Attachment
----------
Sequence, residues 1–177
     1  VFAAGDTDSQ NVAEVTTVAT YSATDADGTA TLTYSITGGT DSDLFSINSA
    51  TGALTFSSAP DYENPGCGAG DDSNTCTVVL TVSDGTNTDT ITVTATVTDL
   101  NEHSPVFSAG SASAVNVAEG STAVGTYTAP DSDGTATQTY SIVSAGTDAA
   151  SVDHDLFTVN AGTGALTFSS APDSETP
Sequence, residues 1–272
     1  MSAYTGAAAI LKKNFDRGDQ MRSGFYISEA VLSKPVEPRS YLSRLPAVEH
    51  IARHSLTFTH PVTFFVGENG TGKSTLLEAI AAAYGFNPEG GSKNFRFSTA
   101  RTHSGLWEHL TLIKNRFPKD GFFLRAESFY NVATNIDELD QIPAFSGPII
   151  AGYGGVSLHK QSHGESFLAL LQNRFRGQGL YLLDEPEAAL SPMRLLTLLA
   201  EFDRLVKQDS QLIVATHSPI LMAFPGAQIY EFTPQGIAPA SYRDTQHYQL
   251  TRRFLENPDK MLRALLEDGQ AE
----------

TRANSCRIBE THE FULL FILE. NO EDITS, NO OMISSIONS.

Sequence, residues 1–177
     1  VFAAGDTDSQ NVAEVTTVAT YSATDADGTA TLTYSITGGT DSDLFSINSA
    51  TGALTFSSAP DYENPGCGAG DDSNTCTVVL TVSDGTNTDT ITVTATVTDL
   101  NEHSPVFSAG SASAVNVAEG STAVGTYTAP DSDGTATQTY SIVSAGTDAA
   151  SVDHDLFTVN AGTGALTFSS APDSETP
Sequence, residues 1–272
     1  MSAYTGAAAI LKKNFDRGDQ MRSGFYISEA VLSKPVEPRS YLSRLPAVEH
    51  IARHSLTFTH PVTFFVGENG TGKSTLLEAI AAAYGFNPEG GSKNFRFSTA
   101  RTHSGLWEHL TLIKNRFPKD GFFLRAESFY NVATNIDELD QIPAFSGPII
   151  AGYGGVSLHK QSHGESFLAL LQNRFRGQGL YLLDEPEAAL SPMRLLTLLA
   201  EFDRLVKQDS QLIVATHSPI LMAFPGAQIY EFTPQGIAPA SYRDTQHYQL
   251  TRRFLENPDK MLRALLEDGQ AE